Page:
Master's Thesis (Claudio Corrodi)


Modelling and Verifying an Object-Oriented Concurrency Model in GROOVE
Master's Thesis, October 2014 — April 2015
Author: Claudio Corrodi
Supervisor: Chris Poskitt
External Co-Supervisor: Alexander Heußner (University of Bamberg)

Resulting Publications

Project Proposal


With the rise of multi-core and distributed architectures, demand is increasing for high-level programming interfaces that alleviate the notorious difficulty of writing efficient and portable parallel code. Two recent, contrasting developments include Grand Central Dispatch (GCD) and SCOOP. The former is a library present in Apple’s operating systems (with ports existing for FreeBSD, Linux, and Windows), whereas the latter is a concurrency model for the object-oriented programming language Eiffel. Both provide concurrency at a higher level of abstraction than threads, through mechanisms for asynchronously dispatching “units” (or “blocks”) of code – together with various dependencies between them. Concurrent programs expressed in such models can often exhibit complex, perplexing, and surprising behaviour, and there is a pressing need for tools and methods that facilitate their verification and analysis. In the case of GCD, a formal model has been proposed and a translation to Petri nets prototyped; in the case of SCOOP, a comprehensive operational semantics has been formalised in Maude – but the model is too complex for many of the automatic analyses that the tool supports. For these and other kinds of asynchronous systems, a formalisation is needed that is natural, quick to prototype, supported by rigorous theory, and supported by a tool that can perform analyses of interest on the models.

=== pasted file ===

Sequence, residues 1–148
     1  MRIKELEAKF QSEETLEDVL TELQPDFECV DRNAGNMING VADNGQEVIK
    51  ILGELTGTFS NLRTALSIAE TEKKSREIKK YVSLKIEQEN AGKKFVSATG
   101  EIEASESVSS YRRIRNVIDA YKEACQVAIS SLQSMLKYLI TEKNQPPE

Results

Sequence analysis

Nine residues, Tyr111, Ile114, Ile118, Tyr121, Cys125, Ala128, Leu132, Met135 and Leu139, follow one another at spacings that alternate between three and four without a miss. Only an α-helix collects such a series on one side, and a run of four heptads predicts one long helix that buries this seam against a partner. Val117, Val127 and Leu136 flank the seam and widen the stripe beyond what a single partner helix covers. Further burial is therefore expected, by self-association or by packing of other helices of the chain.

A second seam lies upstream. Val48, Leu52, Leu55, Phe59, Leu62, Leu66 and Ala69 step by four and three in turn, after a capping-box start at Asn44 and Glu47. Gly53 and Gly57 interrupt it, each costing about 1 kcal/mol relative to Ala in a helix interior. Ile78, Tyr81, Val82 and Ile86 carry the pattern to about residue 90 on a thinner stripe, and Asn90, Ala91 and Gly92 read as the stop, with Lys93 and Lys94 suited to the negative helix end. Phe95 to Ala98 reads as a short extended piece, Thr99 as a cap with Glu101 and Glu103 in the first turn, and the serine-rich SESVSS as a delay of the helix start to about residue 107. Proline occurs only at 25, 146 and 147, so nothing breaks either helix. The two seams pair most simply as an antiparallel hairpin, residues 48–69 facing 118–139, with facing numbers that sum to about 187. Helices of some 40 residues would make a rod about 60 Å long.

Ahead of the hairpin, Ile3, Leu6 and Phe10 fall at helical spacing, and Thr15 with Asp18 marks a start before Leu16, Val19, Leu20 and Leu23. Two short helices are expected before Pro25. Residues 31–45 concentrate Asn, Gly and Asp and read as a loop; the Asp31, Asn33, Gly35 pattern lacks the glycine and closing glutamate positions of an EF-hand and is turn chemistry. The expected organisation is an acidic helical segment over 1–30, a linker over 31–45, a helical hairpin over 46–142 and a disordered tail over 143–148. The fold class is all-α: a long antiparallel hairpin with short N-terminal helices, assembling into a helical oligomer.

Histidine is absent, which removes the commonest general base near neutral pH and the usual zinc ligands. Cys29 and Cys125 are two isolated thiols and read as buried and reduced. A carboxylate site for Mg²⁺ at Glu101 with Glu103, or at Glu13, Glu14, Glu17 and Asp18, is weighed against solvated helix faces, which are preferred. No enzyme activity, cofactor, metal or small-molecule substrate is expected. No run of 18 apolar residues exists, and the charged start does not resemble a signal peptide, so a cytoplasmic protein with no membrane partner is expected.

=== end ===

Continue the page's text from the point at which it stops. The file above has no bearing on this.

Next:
Scope of the Work

This project proposes to investigate, as such a formalism, the use of a graph-based abstract semantics – a visual, powerful, and rigorous modelling technique based on (algebraic) graph grammars. By this, we mean a semantics in which program states are abstracted to graphs, and computational steps to applications of graph rewrite rules (akin to those of Chomsky string grammars, but lifted to graphs). Such a formalism – while unconventional – appears to be a natural choice for prototyping systems as complex as SCOOP, e.g. with objects, processors, and tasks all represented by nodes, and queues, locks, and handlers by edges. Furthermore, it benefits from a well-developed theoretical foundation and support from a number of tools. The most notable of the latter is GROOVE, which is able to perform (bounded) model checking directly on graph grammars and programs, is equipped with state-pruning strategies that directly exploit the graph-based representation (e.g. symmetry reduction based on graph isomorphism), and has had its maturity demonstrated through several encouraging case studies (e.g. modelling Java type graphs).

This project, in particular, aims to develop automatic translations of SCOOP programs to inputs for the GROOVE model checker to verify, visualise, and analyse. To achieve this, a core (but expressive) subset of the SCOOP language will be formalised, in GROOVE, as a system of graph grammar rules. Then, an automatic translation of (this subset of) SCOOP programs to GROOVE inputs will be developed, and thoroughly evaluated on case studies. Both the formalisation and translation will be constructed as “parametrically” as possible, in order to allow an analogous future treatment of GCD and similar such asynchronous systems.